Exit Counseling for Private Alternative Loans
You are being provided with this private alternative loan information because you have previously borrowed an alternative loan. As a borrower, you are obligated to repay your loan to a specific lender. Review this information to determine who to contact regarding the repayment of your alternative loan(s).
Alternative Loan Lenders
The terms and conditions of alternative loan programs vary widely. Therefore, it is important for you to contact the alternative lender(s) from which you borrowed your alternative loan(s). Since you have signed an application/promissory note for any alternative loans you borrowed, you should already know which lenders(s) have accounts for you. Please refer to your loan documents for contact information.
Contacting Your Alternative Loan Lender
Contact the lender(s) of your alternative loan(s) for answers to the following questions. Many of these questions are answered in your promissory note or loan agreement documents that you signed when you applied for the loan(s). When you signed the promissory note(s) or loan agreement(s), you agreed to all of the terms and conditions that were in effect at that time.
Interest Rates and Fees
- What is my interest rate?
- If the interest rate is variable, what is the maximum possible rate I could be charged?
- What is the minimum and maximum length of repayment?
- What is the payment amount?
- When is the first payment due?
- Is there a penalty for early repayment of the loan?
- Are grace periods, deferments, or forbearance offered? If so, what are the conditions and how is the interest capitalized during these periods?
Use the student loan repayment calculator determine the amount of your monthly payment.
- Are there any other borrower benefits or incentives (i.e., reduced interest rate for automatic payment agreements)? If so, what are the eligibility requirements?
- If I don’t qualify for a benefit, what is the appeal process?
- Can I access my information on the Web?
- Can I release my cosigner (if I have one) at a later date? If so, when?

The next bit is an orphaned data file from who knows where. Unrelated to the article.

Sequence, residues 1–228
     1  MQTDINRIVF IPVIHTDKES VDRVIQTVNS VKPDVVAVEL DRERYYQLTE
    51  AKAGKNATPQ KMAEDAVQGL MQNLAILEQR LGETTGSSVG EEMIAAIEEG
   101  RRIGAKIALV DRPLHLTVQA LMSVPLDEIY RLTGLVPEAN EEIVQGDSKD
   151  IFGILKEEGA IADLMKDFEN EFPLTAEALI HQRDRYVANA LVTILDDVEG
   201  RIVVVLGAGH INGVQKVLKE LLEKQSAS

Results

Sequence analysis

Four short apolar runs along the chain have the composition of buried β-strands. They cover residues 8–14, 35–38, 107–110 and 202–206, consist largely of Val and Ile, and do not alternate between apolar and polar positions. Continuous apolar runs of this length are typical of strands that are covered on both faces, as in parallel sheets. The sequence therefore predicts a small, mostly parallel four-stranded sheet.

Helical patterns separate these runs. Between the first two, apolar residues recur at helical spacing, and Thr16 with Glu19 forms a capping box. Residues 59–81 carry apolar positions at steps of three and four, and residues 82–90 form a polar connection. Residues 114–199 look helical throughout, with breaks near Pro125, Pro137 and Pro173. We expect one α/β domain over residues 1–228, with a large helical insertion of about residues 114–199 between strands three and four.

Rights and Responsibilities
You have the right to:
- Receive a repayment schedule before the initial payment is due
- Be notified in writing if your loans are sold or transferred
- Request a deferment or forbearance if you qualify
You have the responsibility to:
- Repay your loan whether or not you have completed your studies, whether or not you are satisfied with your education, and whether or not you are able to find employment
- Make your loan payment(s) on time
- Inform your lender of any change to your name, address, Social Security card, or employer
- Notify your lender if you are having difficulty making payments
Managing Your Loan Debt
Your skill in managing your finances will have a substantial impact on your future. A good credit rating is essential when making a large purchase, such as an automobile or home. Some prospective employers also review credit ratings.
Careful planning and money management are very important, particularly when you are beginning repayment of student loans. To get a head start on the process, you may want to review and complete the repayment budget worksheet at the end of this document. Use the worksheet to determine what percentage of your projected income will be used for student loan payments.
As a general rule, your student loan payment(s) should be no more than 5-10 percent of your salary before taxes. For more strategies on how to live within your budget, visit You Can Deal With It.
If you're have having difficulty repaying your educational loans, either federal or private alternative, please be in contact with your lender to discuss your situation. There may be repayment, deferment, or forbearance options of which you are not aware. Ignoring the problem will only make matters worse.
Alternative Loan Consolidation
There are very few lenders who offer private alternative loan consolidation. For information on private alternative loan consolidation and lender options, please visit FinAid.org.
Before you decide whether or not to consolidate your student loans, please research the advantages and disadvantages to make sure you are making the best financial decision.
Frequently Asked Questions
What might happen if my student loan(s) are past due?
- Assessment of late payment fees and other fees to your account(s).
- Reporting of your account(s) to a national credit bureau as delinquent.
- Delinquent credit ratings may affect your ability to obtain loans and employment opportunities in the future.
- Assessment of collection/attorney/court costs to your account(s).
- Loss of all possible deferment/cancellation privileges.
What is deferment?
Deferment is a period of time in which approved borrowers are not required to repay their loans (principal or interest). The following circumstances may enable you to pursue a deferment:
- Full-time or at least half-time study
- Active military duty
- Service as Peace Corps or ACTION volunteer
- Unemployment due to injury
- Infant care
Deferment provisions vary, depending on the loan servicer and type of loan program. Several types of deferments are usually available on most student loans.
For more information on deferment options, contact your loan servicer.
If you do not qualify for a deferment but are still unable to make satisfactory repayment, you may qualify for forbearance.